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1997 and 2016: Referenda, Brexit, and (Re-)bordering at the European Periphery

  • Bryonny Goodwin-Hawkins EMAIL logo and Rhys Dafydd Jones
From the journal New Global Studies


2016 is likely to be recalled – in Europe, at least – as a temporal bordering, after a majority in the United Kingdom voted to leave the European Union. The “Brexit” referendum result has been pinned on the rise of populist politics and the revenge of so-called “left behind” places. Regardless of reasons, the referendum left the UK with fraught politics and protracted negotiations, especially over how to re-border with a Europe that has held the dismantling of borders at the heart of its philosophical project. While Brexit has already become a byword, an earlier referendum on British borders has long slipped from international note. In 1997, a majority in Wales (one of the four constituent countries of the UK), voted for devolution from central government in Westminster. Like the Brexit referendum twenty years later, the majority in favor of devolution was slight, exposing uneasy fractures and internal cleavages as it opened fresh questions of governance and geography. By attending to a small country at the periphery of Europe, we seek to destabilize the assumption of shared markers of global bordering (1989, 2001), revealing instead the palimpsests of identity and territoriality across which re-made borders run “all over.”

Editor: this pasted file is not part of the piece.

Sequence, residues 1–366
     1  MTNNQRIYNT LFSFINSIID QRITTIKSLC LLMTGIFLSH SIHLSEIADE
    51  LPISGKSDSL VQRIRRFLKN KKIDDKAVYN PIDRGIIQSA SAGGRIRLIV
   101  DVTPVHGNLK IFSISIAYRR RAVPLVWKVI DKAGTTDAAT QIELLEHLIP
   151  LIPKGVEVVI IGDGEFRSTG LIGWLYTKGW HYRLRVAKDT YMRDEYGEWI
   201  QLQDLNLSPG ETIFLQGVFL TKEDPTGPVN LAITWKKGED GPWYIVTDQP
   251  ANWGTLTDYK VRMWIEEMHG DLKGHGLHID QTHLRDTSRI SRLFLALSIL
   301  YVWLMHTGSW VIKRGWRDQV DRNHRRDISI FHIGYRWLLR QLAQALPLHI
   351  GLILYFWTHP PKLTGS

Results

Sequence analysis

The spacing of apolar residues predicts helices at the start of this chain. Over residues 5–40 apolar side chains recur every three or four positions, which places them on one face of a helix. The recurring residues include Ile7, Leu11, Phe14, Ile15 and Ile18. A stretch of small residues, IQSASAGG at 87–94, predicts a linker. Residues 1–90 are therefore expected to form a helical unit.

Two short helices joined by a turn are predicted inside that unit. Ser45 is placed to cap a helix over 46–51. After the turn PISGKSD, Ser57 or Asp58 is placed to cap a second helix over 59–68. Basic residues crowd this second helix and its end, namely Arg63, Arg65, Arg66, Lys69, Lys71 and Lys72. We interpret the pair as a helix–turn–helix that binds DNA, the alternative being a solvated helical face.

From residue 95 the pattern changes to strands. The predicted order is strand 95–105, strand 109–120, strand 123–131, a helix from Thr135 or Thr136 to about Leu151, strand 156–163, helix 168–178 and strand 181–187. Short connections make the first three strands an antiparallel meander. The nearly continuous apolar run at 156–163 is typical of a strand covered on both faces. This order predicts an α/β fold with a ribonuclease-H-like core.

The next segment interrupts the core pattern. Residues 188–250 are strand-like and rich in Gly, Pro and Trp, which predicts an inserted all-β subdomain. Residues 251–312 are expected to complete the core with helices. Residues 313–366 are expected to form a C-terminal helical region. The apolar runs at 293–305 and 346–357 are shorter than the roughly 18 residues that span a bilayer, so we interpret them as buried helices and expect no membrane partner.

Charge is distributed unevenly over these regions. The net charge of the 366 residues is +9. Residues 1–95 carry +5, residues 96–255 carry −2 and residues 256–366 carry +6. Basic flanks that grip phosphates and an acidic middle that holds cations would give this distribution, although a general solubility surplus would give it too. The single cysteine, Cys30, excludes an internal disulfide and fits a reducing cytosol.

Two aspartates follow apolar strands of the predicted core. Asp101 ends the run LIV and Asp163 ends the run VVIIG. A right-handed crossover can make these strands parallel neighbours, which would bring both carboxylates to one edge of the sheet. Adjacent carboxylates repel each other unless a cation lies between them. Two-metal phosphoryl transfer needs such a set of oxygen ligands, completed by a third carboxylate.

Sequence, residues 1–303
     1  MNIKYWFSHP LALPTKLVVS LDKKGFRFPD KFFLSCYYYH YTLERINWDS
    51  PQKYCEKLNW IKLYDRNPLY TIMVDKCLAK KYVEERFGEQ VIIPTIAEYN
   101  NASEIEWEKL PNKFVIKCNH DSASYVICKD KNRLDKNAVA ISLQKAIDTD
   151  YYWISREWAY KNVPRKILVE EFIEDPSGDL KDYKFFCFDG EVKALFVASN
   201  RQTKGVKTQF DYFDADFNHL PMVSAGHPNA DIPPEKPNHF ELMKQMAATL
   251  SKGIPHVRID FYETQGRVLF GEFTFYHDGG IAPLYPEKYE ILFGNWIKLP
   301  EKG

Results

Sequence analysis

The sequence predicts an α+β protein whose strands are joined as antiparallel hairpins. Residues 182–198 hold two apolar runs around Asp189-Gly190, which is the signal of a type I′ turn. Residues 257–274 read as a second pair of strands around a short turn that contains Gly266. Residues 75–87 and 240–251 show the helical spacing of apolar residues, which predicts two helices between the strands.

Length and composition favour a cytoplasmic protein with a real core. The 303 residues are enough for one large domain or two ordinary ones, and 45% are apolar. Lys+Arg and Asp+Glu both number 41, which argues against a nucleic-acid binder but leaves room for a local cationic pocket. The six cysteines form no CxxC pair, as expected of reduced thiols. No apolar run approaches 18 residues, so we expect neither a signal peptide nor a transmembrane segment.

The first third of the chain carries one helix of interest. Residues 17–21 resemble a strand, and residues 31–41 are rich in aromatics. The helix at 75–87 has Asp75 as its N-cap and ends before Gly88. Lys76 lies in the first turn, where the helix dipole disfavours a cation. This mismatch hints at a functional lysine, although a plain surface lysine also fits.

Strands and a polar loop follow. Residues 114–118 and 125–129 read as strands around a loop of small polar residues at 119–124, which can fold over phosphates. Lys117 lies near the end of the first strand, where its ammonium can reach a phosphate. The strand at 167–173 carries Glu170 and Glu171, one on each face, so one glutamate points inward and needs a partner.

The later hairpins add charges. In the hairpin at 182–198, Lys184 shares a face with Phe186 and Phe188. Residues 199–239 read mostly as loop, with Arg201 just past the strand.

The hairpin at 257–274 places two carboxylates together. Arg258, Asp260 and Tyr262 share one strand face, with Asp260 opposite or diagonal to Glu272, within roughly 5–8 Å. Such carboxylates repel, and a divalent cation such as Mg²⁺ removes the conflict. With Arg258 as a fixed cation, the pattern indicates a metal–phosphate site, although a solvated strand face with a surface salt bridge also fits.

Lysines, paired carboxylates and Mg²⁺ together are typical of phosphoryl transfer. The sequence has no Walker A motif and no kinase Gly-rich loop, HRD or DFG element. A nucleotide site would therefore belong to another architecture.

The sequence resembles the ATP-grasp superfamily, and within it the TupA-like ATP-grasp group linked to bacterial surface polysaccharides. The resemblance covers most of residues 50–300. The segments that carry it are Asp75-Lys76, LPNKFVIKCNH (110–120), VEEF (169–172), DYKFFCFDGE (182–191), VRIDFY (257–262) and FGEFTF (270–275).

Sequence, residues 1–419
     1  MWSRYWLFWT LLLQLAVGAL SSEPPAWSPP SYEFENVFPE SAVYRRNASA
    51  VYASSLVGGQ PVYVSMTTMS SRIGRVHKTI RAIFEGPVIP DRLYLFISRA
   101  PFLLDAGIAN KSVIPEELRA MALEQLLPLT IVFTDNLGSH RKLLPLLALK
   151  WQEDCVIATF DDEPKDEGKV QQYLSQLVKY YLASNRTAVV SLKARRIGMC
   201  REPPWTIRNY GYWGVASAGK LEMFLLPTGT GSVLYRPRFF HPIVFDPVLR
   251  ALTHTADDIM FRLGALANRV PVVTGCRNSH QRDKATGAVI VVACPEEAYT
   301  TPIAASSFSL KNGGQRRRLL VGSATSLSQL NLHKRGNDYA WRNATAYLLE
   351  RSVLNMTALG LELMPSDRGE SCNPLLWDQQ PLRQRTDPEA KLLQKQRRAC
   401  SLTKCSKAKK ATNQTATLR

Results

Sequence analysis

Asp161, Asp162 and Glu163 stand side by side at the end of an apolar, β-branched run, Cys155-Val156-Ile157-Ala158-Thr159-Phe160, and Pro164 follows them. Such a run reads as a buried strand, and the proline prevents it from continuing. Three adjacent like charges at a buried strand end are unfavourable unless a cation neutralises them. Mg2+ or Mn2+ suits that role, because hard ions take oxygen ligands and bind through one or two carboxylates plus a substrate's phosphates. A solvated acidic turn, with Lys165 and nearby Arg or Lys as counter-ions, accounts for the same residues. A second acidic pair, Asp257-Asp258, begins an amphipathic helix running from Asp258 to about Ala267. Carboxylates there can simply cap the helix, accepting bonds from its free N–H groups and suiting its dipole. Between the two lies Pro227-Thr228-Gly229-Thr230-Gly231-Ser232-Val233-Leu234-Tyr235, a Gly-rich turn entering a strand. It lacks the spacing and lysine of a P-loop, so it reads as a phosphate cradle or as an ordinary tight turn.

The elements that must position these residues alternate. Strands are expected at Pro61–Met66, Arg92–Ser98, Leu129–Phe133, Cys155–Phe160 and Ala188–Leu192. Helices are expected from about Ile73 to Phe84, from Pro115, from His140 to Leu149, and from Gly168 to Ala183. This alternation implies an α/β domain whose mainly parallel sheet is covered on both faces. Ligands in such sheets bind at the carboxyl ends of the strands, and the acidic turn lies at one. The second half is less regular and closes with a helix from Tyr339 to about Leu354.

Our research for this article was enabled by the IMAJINE project, funded by the European Union’s Horizon 2020 research and innovation program under grant agreement 726950. We thank our project colleagues Michael Woods and Rhys Alwyn Jones, editors Melissa Tandiwe Myambo and Pier Paolo Frassinelli, and two anonymous reviewers. The usual disclaimers apply.


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Published Online: 2019-12-06
Published in Print: 2019-11-18

© 2019 Walter de Gruyter GmbH, Berlin/Boston

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